Clathrin-dependent endocytic pathway is not involved in oAβ42 mediated toxicity
Dynamin mediates oAβ42 neurotoxicity and intracellular accumulation
RhoA regulates oAβ42 neurotoxicity and intracellular accumulation
In recent years, it has become increasingly clear that soluble oAβ plays an essential role in the neuronal loss characteristic of AD pathology. Soluble oAβ could mediate neuronal dysfunction extracellularly by binding to cell surface receptors and disturbing downstream signaling pathways, leading to disruption of LTP and LTD, and eventual neuronal death. Alternatively, soluble oAβ toxicity could arise from intraneuronal accumulation as a result of impaired exocytosis or failed clearance following endocytosis. The importance of endocytosis in AD is underscored by a recent report identifying genetic variances in phosphatidylinositol-binding clathrin assembly protein (PICALM) associated with late onset AD . PICALM facilitates endocytosis in hippocampal neurons and thus could play a role in Aβ clearance in the brain . However, the mechanisms underlying binding and subsequent signalling pathways or endocytosis leading to Aβ intracellular accumulation remain poorly understood.
Although a major endocytic pathway in neurons is clathrin-dependent , we show by three complementary approaches that inhibition of this pathway did not inhibit oAβ42 neurotoxicity (Figure 1). A reduced level of AP180 has been reported in AD patient brains . Our data that AP180 did not mediate Aβ toxicity suggests that AP180 could potentially regulate trafficking of proteins/enzymes involved in Aβ production .
There is increasing evidence of clathrin- and caveolin-independent pathways mediating ligand-induced endocytosis [76, 86]. The large GTPase dynamin is involved in both clathrin-dependent and -independent pathways . Our results suggest an important role for dynamin in oAβ42-induced neurotoxicity and intraneuronal Aβ accumulation. Interestingly, clathrin-independent but dynamin-dependent endocytosis was required for Aβ internalization in sympathetic neurons in vitro . The small monomeric GTPase RhoA regulates other clathrin-independent pathways, such as IL2-receptor endocytosis, . Our data show RhoA regulates oAβ42 endocytosis and neurotoxicity. The role of RhoA in oAβ42-induced neurotoxicity is further supported by recent reports of potential roles for this GTPase in AD. For example, RhoA had an altered subcellular localization in both AD and APP transgenic Tg2576 mouse brains . Further, RhoA levels increased specifically around amyloid plaques in these models .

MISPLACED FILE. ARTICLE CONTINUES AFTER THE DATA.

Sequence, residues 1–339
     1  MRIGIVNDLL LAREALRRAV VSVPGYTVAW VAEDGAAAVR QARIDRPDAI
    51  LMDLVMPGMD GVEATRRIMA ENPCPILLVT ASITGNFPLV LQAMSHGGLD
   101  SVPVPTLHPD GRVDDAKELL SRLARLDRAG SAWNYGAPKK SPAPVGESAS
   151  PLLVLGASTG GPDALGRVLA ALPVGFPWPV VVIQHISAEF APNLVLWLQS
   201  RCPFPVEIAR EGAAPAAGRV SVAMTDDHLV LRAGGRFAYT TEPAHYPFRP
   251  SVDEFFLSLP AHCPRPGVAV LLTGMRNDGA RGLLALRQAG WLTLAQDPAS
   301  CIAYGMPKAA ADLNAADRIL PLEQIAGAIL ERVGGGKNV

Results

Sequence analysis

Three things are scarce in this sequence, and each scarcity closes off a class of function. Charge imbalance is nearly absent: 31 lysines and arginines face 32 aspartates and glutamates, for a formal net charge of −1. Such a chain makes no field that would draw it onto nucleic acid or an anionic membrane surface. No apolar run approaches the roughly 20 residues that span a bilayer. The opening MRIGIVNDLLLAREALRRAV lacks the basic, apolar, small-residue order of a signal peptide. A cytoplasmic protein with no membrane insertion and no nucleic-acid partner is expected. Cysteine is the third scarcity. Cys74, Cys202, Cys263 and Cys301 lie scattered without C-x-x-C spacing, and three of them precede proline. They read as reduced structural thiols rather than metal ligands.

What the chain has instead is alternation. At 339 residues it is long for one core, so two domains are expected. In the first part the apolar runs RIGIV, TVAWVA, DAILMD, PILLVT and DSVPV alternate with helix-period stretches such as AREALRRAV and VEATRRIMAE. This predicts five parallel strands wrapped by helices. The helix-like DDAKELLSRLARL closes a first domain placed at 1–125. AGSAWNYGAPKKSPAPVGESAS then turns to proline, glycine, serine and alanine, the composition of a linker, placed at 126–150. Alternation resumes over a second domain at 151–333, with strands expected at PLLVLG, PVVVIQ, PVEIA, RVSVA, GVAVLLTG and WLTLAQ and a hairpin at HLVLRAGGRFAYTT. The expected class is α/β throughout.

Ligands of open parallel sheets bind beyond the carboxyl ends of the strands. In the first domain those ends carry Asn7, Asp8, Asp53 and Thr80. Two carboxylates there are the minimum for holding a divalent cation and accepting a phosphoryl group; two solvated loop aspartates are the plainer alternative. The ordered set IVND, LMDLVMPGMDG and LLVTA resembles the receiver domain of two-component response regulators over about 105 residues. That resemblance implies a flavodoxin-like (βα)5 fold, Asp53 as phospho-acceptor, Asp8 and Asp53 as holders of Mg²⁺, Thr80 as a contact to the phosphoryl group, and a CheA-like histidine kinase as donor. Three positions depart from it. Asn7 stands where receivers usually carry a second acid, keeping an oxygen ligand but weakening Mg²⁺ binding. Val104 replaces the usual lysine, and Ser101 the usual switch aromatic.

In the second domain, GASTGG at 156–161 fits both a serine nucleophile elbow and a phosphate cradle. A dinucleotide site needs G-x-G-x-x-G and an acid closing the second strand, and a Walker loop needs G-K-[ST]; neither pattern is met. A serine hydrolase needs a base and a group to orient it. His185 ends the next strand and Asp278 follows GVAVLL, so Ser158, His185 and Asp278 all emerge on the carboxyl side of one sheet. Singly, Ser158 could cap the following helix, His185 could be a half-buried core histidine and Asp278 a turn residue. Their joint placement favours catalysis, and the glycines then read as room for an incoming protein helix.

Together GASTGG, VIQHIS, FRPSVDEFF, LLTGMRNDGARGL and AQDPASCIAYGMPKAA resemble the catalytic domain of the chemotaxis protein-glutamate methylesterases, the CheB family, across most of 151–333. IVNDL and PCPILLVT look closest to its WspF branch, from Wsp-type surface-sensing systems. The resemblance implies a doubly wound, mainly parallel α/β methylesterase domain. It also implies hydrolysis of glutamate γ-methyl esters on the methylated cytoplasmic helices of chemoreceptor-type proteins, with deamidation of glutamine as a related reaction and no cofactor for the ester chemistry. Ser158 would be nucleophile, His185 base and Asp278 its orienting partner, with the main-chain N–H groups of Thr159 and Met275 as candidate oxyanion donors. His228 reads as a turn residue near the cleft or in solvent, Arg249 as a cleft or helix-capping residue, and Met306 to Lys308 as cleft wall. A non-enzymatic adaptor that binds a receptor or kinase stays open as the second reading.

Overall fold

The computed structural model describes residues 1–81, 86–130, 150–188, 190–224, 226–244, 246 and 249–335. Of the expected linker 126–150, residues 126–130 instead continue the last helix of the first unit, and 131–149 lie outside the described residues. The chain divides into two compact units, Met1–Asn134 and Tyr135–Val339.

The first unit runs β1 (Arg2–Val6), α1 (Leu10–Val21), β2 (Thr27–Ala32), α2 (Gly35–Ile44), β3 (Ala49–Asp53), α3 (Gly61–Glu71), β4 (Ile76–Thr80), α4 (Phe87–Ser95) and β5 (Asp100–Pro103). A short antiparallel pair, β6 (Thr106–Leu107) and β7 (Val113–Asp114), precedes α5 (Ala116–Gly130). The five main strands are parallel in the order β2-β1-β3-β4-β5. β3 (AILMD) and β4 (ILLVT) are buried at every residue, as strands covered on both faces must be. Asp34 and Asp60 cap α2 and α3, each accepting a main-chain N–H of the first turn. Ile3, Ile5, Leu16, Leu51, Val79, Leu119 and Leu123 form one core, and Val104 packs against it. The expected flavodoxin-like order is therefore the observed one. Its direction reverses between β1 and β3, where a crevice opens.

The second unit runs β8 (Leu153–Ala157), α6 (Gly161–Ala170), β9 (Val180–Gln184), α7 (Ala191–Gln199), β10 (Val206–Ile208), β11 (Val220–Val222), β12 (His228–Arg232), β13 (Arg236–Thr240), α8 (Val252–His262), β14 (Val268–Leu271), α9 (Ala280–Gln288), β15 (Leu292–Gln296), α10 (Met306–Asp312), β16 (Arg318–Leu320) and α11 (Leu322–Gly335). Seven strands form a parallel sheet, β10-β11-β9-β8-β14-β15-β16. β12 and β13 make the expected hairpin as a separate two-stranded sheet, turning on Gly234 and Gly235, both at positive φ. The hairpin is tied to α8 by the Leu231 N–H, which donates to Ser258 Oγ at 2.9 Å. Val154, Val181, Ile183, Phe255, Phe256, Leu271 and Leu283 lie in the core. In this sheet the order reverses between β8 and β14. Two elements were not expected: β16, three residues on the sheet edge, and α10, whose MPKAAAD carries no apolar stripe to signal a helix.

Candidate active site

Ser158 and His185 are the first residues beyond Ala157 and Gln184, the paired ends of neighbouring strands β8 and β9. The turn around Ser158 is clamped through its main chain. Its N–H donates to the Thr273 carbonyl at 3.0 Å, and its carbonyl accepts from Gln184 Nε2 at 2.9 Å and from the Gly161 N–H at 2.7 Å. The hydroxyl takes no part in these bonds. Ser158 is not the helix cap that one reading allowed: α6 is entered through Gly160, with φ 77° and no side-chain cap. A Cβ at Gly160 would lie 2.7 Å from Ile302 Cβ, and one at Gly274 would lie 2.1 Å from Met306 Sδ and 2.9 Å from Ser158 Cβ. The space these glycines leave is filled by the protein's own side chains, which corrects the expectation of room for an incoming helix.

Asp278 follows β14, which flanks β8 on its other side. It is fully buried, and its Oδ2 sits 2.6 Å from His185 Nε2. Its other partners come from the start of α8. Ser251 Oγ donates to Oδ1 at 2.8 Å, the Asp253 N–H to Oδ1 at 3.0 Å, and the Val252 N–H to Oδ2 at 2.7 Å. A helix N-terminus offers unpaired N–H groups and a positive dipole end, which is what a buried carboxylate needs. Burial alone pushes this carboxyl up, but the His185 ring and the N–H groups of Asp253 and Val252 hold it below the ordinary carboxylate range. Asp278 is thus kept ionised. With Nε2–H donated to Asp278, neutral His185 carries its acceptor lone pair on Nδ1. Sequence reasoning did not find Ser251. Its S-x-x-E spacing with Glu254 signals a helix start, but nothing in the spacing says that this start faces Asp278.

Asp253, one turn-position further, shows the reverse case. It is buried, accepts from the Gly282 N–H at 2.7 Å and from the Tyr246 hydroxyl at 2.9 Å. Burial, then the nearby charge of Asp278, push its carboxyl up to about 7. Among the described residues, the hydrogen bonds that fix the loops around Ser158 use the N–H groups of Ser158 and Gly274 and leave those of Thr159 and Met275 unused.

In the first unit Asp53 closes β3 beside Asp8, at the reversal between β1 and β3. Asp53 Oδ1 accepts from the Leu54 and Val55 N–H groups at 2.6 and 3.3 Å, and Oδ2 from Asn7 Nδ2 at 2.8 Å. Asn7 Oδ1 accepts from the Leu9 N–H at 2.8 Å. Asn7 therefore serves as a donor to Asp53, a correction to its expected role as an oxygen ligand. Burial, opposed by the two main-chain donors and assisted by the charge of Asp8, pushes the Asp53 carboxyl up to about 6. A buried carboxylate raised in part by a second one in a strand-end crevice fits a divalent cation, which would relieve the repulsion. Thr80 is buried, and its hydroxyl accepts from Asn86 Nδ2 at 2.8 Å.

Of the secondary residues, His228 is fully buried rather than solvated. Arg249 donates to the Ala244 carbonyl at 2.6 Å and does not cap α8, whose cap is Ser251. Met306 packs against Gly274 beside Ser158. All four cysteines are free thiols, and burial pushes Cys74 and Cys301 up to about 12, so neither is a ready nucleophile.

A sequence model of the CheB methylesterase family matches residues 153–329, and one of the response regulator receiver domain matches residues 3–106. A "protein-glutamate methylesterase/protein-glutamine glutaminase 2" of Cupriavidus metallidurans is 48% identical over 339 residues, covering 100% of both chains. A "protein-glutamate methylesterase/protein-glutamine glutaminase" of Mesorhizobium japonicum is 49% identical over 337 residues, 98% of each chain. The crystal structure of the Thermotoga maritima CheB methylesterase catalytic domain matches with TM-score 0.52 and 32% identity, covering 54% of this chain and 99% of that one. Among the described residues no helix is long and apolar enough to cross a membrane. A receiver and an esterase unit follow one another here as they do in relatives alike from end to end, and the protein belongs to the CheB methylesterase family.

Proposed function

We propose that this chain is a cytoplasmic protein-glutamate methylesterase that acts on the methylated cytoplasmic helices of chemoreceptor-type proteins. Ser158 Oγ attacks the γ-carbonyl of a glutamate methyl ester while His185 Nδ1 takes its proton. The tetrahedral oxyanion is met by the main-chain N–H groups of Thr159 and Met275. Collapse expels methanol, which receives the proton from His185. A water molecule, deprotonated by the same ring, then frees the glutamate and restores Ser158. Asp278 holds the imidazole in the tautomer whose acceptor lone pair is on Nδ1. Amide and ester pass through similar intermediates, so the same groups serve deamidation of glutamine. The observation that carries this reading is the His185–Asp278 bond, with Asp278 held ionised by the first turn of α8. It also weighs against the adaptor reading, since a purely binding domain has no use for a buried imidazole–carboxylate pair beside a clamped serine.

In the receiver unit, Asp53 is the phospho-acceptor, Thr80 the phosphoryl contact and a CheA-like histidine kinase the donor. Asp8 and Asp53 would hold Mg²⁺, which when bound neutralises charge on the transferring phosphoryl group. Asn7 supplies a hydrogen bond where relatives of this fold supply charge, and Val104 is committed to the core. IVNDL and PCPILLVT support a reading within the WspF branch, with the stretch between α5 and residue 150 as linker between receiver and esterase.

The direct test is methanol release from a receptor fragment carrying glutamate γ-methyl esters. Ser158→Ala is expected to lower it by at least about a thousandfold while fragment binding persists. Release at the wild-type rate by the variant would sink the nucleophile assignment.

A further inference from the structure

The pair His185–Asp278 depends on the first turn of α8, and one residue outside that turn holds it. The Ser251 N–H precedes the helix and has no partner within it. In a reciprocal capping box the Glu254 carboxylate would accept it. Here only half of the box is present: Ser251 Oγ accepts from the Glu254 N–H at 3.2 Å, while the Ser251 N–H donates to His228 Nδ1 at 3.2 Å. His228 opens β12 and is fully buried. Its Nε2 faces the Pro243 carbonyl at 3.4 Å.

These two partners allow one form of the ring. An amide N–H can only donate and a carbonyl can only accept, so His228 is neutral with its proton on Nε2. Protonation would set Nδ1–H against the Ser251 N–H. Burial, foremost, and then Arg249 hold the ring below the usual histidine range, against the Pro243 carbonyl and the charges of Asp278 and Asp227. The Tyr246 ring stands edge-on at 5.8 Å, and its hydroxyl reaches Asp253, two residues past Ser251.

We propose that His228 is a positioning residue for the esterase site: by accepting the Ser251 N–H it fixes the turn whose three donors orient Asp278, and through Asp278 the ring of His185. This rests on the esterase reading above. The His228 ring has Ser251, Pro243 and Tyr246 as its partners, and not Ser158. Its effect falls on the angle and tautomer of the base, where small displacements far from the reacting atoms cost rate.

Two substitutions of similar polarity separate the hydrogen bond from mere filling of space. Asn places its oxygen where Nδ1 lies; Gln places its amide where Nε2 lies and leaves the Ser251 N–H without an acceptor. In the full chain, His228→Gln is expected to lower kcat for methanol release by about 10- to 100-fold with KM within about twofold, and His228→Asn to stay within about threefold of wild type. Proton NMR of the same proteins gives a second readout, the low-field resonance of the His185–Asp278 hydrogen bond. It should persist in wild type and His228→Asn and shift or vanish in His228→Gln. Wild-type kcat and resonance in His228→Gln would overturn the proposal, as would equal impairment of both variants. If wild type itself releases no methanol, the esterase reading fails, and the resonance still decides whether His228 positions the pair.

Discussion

As neurons do not express caveolin-1, the principal structural protein in caveolae, and do not have caveolae structure , we did not pursue this pathway. Another possible route for Aβ uptake is pinocytosis. Aβ40 directly conjugated with fluorescein was taken up by neurons via diffusion in a non-saturable, energy-independent process . In our experiments, ATP levels were used as a measurement of neurotoxicity, precluding results based on energy independence. More importantly, while we have been able to consistently label oligomers with Alexa-488 after formation and maintain conformational stability, we are unable to prepare consistent oligomeric conformations using pre-labeled fluorescein-Aβ42 . In addition, comparison between Aβ40 and 42 is problematic.
Our data (summarized in the schematic shown in Figure 4) show RhoA and dynamin-dependent steps involved in oAβ42 neurotoxicity and intracellular Aβ accumulation.
Our experiments identify the initial steps of endocytosis required for oAβ42-induced neurotoxicity and intracellular Aβ accumulation. Specifically, Aβ-induced neurotoxicity is dynamin-dependent and RhoA-regulated, but clathrin-independent. Further studies will be needed to identify potential steps in the endocytic pathways as therapeutic targets in AD.
Recombinant Aβ42 was purchased from rPeptide (Bogart, GA). Hexafluoroisopropanol (HFIP) and anhydrous dimethyl sulfoxide (DMSO) were purchased from Sigma-Aldrich. Phenol-red free Ham's F12 media was obtained from Promocell (Heidelberg, Germany) and supplemented with L-glutamine (146 mg/L) prior to use. Genistein and chlorpromazine were purchased from Sigma. PP2 was purchased from EMD Biosciences.
Oligomer formation conditions
Oligomer preparations of Aβ42 were formed according to our previously established protocols [18, 19]. Briefly, following evaporation of HFIP in a fume hood overnight, the resulting Aβ42 peptide film was stored desiccated at -20°C. Immediately prior to use, the films were allowed to come to room temperature, solubilized to 5 mM in anhydrous DMSO, sonicated in a bath sonicator (Branson) for 10 minutes, diluted to 100 μM in phenol-red free Hams F12, and stored at 4°C for 24 hours. Oligomeric Aβ42 morphology was routinely confirmed by atomic force microscope .